Come Down and Make Bargains in Good Faith: The Application of 42 U.S.C. 1981 to Discrimination in Retail StoresHastings Race & Poverty Law Journal
AbstractThis article examines and critiques courts’ narrow interpretations of 42 U.S.C. § 1981 in race and national origin discrimination cases brought by retail shoppers and offers a model for improved § 1981 decision-making. Section 1981, a Reconstruction-era civil rights statute, guarantees to all people within the United States the same right “as is enjoyed by white citizens” to “make and enforce contracts.” Courts have narrowly interpreted the statute in two ways. First, some courts have allowed shoppers to state a claim only if they are clearly blocked from “making” a contract on a discriminatory basis. Shoppers who successfully contract with retail stores, but on discriminatory terms and conditions, and browsers who are deterred, but not completely blocked from purchasing, can claim no § 1981 protection. Second, though some courts do recognize that the statute also covers a contract's "privileges, benefits, terms, and conditions," they only accept as actionable claims that arise directly from the moment of purchase. Retailers’ discriminatory acts against shoppers before or after the exchange of money for goods fall outside the statute's coverage, and those shoppers are left without a remedy. Both forms of narrowing leave much of the retail shopping interaction, including pre- and post-contract formation, uncovered by the statute. This paper provides a taxonomy of courts' § 1981 jurisprudence and explores directions for an improved application of the statute to claims of race and national origin discrimination in retail stores.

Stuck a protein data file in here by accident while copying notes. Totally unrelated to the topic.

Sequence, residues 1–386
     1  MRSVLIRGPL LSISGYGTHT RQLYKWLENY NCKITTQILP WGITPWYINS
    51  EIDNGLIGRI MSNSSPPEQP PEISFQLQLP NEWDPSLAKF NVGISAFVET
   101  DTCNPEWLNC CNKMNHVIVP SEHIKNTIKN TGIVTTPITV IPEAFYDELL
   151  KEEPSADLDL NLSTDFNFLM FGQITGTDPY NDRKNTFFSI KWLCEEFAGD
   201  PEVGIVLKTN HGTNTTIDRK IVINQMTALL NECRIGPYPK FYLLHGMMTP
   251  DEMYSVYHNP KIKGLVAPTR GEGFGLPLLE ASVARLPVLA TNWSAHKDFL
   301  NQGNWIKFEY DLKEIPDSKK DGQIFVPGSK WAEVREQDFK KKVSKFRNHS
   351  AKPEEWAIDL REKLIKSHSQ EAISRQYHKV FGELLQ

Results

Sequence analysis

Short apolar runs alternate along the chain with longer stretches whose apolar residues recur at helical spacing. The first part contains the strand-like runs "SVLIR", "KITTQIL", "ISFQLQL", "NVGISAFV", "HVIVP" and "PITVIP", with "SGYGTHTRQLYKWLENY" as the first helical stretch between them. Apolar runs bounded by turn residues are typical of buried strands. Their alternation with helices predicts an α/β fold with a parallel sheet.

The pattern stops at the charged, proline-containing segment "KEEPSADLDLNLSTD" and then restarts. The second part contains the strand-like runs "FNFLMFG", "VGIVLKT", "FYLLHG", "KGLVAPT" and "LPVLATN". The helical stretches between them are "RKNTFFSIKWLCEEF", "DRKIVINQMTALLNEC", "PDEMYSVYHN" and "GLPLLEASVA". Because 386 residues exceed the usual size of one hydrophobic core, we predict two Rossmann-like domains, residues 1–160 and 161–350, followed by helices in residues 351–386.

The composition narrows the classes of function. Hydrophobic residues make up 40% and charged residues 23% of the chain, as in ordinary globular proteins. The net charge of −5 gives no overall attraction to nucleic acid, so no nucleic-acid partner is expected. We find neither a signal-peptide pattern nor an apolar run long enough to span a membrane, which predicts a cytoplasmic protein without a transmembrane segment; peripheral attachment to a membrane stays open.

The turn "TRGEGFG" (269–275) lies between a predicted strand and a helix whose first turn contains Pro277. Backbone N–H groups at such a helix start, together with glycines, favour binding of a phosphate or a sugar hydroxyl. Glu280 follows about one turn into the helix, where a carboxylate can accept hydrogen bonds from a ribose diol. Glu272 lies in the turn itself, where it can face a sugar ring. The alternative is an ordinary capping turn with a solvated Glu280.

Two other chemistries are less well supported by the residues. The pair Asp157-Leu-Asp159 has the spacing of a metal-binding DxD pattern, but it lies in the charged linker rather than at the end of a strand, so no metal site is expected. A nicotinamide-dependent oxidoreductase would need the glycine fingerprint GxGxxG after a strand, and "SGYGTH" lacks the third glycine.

Citation InformationCharlotte Alexander, Come Down and Make Bargains in Good Faith: The Application of 42 U.S.C. 1981 to Discrimination in Retail Stores, 4 Hastings Race & Poverty L.J. 281 (2007).